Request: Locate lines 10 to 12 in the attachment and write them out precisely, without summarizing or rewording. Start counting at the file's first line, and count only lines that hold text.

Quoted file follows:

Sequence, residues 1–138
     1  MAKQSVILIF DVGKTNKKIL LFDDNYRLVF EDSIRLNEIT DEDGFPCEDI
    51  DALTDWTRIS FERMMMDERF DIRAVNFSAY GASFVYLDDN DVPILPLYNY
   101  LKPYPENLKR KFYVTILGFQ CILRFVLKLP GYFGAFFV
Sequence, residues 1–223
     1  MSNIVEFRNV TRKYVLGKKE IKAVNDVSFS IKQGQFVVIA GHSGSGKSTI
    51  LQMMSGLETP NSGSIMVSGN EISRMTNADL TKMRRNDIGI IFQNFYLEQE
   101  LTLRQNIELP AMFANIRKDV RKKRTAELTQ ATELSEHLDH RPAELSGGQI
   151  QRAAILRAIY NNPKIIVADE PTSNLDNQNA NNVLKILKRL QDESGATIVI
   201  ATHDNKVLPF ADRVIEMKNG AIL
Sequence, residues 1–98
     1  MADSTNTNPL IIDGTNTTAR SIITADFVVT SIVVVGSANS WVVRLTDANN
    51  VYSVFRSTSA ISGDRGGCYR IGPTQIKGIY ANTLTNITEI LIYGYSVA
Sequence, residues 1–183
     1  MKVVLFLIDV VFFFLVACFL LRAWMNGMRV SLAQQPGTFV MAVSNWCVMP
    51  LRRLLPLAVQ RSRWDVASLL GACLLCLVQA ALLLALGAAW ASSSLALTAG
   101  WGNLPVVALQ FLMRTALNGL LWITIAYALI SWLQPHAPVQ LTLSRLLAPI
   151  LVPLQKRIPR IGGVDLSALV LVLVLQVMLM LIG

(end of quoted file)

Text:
   201  ATHDNKVLPF ADRVIEMKNG AIL
Sequence, residues 1–98
     1  MADSTNTNPL IIDGTNTTAR SIITADFVVT SIVVVGSANS WVVRLTDANN